What Did Alan Gross Do in Cuba?

Reports Show Accused Spy Knew the Risks He Was Taking

Happier Days: Alan Gross, with his wife, Judy, in Jerusalem in 2005.
Gross Family
Happier Days: Alan Gross, with his wife, Judy, in Jerusalem in 2005.

By Paul Berger

Published February 15, 2012.
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Alan Gross, the American Jewish contractor jailed in Cuba, has maintained for more than two years that he was guilty of nothing more than naiveté when he smuggled contraband electronic equipment into the communist nation.

But official trip reports he filed for an American government agency, revealed by The Associated Press on February 12, paint a picture of a man who knew the risks he was taking. “Detection of satellite signals will be catastrophic,” Gross warned in a report that filtered back to the U.S. Agency for International Development, according to AP.

When he was arrested, Gross, a resident of suburban Washington, was carrying a high-tech cell phone chip more commonly used by the CIA or the Defense Department.

American Jewish organizations that campaign on Gross’s behalf say that the revelations will not harm the fight to free the 62-year-old, who was jailed for 15 years in 2009 and is in poor health. “At this point, if you’re passionate about Alan’s release, these new facts, or supposed facts, just muddle the water more,” said Ron Halber, executive director of the Jewish Community Relations Council of Greater Washington.

“The bottom line is, he remains a man who is in prison for a crime he didn’t commit,” Halber said.

The Cuban government has accused Gross of being a spy and of working to undermine it. Gross’s supporters say he was just a development worker trying to improve Internet access for the Cuban-Jewish community.

USAID paid a subcontractor, who in turn funded Gross. The communist regime considers USAID’s mission in Cuba illegal so, according to AP, Gross used American Jewish humanitarian trips to the island as a cover for his work.

Bruce Yudewitz, senior vice president and chief operating officer of Florida’s Jewish Federation of Broward County, told the Forward on February 14 that he believed there was ”some connection“ between Gross and a single trip his organization took to Cuba.

The following day, Yudewitz said he could “not confirm or deny whether [Gross] made any connections” with members of the federation group.

“He didn’t travel with us, as far as I can tell,” Yudewitz said. “I don’t know who else was on the plane, or if he showed up at one of the places we went to visit.”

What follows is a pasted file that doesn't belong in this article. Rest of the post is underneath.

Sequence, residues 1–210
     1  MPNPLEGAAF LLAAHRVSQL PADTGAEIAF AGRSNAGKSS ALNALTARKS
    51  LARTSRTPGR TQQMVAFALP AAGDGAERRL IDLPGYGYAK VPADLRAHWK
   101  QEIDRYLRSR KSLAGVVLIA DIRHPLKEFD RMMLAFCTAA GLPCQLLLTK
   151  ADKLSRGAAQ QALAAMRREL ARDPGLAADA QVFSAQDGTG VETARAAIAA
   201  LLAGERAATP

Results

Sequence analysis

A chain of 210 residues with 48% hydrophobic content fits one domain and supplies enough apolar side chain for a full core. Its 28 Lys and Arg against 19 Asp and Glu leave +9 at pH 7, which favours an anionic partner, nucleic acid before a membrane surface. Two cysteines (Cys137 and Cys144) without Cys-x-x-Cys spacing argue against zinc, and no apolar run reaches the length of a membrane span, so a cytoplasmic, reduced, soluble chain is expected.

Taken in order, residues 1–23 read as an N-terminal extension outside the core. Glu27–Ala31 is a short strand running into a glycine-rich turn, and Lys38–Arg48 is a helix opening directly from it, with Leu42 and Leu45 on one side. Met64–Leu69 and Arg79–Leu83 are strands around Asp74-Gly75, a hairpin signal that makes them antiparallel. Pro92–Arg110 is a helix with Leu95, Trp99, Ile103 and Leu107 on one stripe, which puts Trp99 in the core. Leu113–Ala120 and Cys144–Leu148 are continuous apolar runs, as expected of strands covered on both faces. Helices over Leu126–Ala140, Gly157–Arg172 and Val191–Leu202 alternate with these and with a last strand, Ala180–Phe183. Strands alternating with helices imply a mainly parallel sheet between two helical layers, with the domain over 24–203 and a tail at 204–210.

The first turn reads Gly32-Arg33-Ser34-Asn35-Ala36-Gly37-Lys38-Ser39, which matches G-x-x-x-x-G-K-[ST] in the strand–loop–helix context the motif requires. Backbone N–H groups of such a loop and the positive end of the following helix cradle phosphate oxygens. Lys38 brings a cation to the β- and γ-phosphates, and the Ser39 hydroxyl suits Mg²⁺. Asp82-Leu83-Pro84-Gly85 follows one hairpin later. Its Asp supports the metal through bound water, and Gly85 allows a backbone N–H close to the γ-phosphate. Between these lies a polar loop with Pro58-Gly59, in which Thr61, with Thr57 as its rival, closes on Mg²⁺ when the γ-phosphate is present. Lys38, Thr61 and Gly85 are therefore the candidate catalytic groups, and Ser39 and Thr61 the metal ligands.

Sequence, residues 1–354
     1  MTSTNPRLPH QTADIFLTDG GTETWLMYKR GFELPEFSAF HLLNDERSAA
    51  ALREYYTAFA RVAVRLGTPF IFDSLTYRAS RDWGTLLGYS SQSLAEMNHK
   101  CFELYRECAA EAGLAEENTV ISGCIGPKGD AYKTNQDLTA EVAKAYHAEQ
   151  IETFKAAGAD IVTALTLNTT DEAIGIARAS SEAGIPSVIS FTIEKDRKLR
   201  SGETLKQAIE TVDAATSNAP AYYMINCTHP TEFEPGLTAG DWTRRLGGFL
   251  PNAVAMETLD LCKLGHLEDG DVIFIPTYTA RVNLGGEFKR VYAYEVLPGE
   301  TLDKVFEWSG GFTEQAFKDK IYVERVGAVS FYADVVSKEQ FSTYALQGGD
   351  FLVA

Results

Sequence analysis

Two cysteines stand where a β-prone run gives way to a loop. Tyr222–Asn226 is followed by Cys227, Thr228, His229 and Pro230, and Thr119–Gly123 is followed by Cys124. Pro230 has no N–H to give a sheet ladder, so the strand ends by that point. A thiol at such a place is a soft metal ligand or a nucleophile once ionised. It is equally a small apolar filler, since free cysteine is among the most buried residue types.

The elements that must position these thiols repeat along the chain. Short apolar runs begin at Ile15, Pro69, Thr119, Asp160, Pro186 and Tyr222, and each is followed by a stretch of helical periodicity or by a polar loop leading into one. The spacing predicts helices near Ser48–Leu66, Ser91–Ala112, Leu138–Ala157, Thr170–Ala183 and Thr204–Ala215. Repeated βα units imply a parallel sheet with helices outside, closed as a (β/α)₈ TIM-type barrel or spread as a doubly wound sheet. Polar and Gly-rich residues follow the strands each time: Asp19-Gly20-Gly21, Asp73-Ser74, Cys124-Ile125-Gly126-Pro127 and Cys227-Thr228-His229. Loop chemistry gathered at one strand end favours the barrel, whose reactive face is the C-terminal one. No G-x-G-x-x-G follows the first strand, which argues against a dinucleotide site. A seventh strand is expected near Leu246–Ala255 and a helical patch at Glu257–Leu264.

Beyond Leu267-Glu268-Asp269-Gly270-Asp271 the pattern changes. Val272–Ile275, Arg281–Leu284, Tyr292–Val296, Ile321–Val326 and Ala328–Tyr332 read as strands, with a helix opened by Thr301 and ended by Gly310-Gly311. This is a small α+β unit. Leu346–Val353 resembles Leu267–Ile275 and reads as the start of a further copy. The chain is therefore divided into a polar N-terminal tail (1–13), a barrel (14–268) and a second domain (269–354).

Though Cuba remains a dictatorship, the island’s Jewish community has lived relatively freely in recent decades. Cuban Jews are allowed to immigrate to Israel and are able to practice Judaism.

During the past 20 years, American Jewish organizations have built a relationship with the Castro regime that has allowed them to make regular trips to the island, bringing with them “humanitarian supplies” such as medication, kosher food and religious items.

“I’m hopeful that the latest details won’t harm the humanitarian work being done on the ground by Jewish organizations,” said Moishe Smith, a former president of B’nai B’rith International who has traveled to Cuba on such missions.

Steve Schwager, executive vice president and CEO of the American Jewish Joint Distribution Committee, told the Forward, “JDC’s cultural and religious work with this community continues unaffected.”

But just how Gross’s capture has affected the delicate relationship between the Cuban government and Jewish groups is difficult to determine. American Jewish officials and members of the Cuban-Jewish community must tread a fine line between telling the truth and not offending the Cuban government.

Gross was sent to Cuba under a $500,000 contract to work for USAID.

In addition to using Jewish missions to Cuba as a cover, Gross even asked fellow American Jewish travelers to smuggle electronic equipment into Cuba and then give it back to him at his hotel, the AP said.

The cell phone chip found on Gross when he was arrested would have allowed a user to make satellite phone calls without being detected.

Such activity seems to go beyond the picture painted by Gross’s supporters of a man interested in only helping Cuba’s Jews.

Nevertheless, Jewish groups continue to back Gross.

“Our position has not changed, nor is there reason for it to change,” said Abraham Foxman, national director of the Anti-Defamation League, which has campaigned on Gross’s behalf. “I have credibility in our government and the [Gross] family, and don’t have credibility just because an AP story appears. Let’s move on.”

Foxman insinuated that the AP report was based on misinformation put out by the Cuban government, a “totalitarian, antidemocratic, dictatorship” that “fosters and has fostered [international] anti-Semitism, which is an enemy of Israel and the Jewish people.”

“Why should I take [the Cuban government’s] word,” Foxman asked, “as opposed to our government, the secretary of state, members of Congress and [Gross’s] family?”

Halber said Gross was being painted as a “James Bond” figure so that he can be used as “a pawn” to secure the release of the Cuban Five, Cuban agents arrested in the U.S. in 2001 on spy charges.

He said the increased publicity could work in Gross’s favor and that vigils outside the Cuban Interests Section in Washington would continue.

Contact Paul Berger at berger@forward.com or on Twitter @pdberger


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